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C-Sections Cubby

Los Angeles Times Examines Popularity of C-Sections in U.S.

National Partnership for Women & Families
May 18, 2009

The Los Angeles Times on Sunday examined how caesarean sections have become the most commonly performed operation in the U.S., despite the fact that they are more expensive than vaginal births and place women at a higher risk for complications. Such complications include possible infections, blood clots, increases in premature births and the need for newborns to undergo intensive care. Even if c-sections result in no complications, they still require longer hospital stays, the Times reports.

Some experts say that c-sections could be maintaining popularity because of media coverage of celebrities who have had the procedure. In addition, some say that physicians are responsible for the procedure's popularity because they sometimes do not make women fully aware of the potential consequences and promote c-sections for convenience.

According to the Times, c-sections are performed in 31% of births in the U.S., an increase from 4.5% in 1965. Despite government's stated goal of reducing the rate of c-sections, the U.S. has set a new record each year over the past 10 years. The c-section rate in the U.S. is higher than in most developed nations, while the U.S. now fares worse than many other developed countries on performance indicators such as infant mortality and low birthweight.

In addition, spending on uncomplicated c-sections costs about $4,500 on average -- nearly twice as much as comparable vaginal births -- and about $13,000 for privately insured women. According to a 2008 report by the Childbirth Connection, pregnancy is the most expensive condition for both private insurers and Medicaid beneficiaries. The report states, "The financial toll of maternity care on private (insurers)/employers and Medicare/taxpayers is especially large." It adds, "Maternity care thus plays a considerable role in escalating health care costs, which increasingly threaten the financial stability of families, employers and federal and state budgets." According to the Times, these costs and outcomes are a major reason why childbirth "often is held up in health care reform debates as an example of how the intensive and expensive U.S. brand of medicine has failed to deliver better results and may, in fact, be doing more harm than good."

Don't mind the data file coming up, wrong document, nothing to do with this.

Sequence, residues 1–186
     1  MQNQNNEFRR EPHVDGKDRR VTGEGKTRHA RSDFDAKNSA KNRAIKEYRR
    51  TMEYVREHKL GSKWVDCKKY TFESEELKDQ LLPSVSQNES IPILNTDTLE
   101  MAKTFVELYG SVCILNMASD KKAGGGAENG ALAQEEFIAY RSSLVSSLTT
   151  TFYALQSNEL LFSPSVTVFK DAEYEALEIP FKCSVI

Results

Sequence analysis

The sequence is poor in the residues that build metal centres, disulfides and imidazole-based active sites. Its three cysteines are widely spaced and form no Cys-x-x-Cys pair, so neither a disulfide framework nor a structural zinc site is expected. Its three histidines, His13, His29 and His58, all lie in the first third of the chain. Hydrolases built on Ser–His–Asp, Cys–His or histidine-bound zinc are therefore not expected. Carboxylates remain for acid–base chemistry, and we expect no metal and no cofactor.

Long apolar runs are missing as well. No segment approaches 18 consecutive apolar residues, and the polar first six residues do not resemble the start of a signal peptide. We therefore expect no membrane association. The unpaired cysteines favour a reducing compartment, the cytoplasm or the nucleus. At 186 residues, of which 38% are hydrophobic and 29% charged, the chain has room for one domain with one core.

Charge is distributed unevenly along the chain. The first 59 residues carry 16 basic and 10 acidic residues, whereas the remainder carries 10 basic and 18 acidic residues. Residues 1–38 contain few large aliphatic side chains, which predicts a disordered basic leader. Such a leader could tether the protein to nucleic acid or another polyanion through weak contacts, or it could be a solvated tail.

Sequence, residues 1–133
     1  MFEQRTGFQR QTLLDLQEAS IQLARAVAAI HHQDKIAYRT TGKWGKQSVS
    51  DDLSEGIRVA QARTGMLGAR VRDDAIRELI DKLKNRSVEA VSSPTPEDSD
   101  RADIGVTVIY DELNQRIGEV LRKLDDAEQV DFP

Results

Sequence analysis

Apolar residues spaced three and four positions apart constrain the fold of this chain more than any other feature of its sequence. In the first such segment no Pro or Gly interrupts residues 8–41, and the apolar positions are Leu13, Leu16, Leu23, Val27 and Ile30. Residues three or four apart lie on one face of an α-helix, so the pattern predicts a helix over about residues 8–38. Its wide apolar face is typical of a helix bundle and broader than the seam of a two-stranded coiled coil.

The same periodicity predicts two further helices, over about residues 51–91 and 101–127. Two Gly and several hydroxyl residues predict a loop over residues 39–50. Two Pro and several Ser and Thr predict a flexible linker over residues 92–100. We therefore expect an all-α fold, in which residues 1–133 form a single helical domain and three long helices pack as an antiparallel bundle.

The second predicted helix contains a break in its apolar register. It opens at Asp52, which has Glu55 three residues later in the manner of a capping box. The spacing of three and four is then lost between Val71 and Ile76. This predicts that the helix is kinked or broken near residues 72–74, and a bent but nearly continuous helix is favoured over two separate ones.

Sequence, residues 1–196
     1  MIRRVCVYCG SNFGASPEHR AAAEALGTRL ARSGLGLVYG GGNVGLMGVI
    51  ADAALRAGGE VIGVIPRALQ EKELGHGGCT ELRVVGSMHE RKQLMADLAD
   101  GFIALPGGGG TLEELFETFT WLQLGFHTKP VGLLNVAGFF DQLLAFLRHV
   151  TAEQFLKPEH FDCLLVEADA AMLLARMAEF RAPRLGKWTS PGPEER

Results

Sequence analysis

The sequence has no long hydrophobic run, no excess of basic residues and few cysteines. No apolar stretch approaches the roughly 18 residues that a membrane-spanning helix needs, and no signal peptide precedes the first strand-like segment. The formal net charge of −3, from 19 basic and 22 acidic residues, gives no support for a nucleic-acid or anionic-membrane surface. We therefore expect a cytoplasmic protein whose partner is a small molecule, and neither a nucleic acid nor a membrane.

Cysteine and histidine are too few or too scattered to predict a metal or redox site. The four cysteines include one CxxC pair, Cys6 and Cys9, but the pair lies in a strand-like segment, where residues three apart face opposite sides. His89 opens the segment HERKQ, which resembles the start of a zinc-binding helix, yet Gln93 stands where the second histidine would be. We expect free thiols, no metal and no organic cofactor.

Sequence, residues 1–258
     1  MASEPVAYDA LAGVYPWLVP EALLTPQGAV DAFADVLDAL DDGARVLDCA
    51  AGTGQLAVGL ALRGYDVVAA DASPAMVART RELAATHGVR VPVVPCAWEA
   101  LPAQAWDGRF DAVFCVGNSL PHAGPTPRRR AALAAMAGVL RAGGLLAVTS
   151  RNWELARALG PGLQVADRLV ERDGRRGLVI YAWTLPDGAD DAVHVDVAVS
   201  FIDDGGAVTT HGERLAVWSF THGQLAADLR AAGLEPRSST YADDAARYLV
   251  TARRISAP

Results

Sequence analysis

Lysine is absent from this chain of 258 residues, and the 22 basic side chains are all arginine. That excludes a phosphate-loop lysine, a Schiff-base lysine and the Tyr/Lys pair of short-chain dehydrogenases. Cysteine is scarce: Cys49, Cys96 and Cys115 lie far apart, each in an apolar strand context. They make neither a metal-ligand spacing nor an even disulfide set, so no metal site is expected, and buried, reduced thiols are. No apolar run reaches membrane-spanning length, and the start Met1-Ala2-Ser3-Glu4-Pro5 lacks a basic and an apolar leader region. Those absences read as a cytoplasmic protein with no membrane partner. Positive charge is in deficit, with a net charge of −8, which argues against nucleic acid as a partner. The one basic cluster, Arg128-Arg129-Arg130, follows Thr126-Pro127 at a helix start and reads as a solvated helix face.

In an effort to address the issue of high c-section rates, the Institute for Healthcare Improvement's Strategic Partners program trains hospitals to enforce a set of guidelines, such as the careful use of oxytocin and a ban on elective deliveries before 39 weeks' gestation. The program was established four years ago, and since then, 60 hospitals have signed up to participate. Program director Frank Federico said, "It's a culture change." He added, "It used to be that we spent more time defending the 39-week rule. Lately, there's no question about that. It's, 'How can we improve the process to support that?'" (Girion, Los Angeles Times, 5/17).


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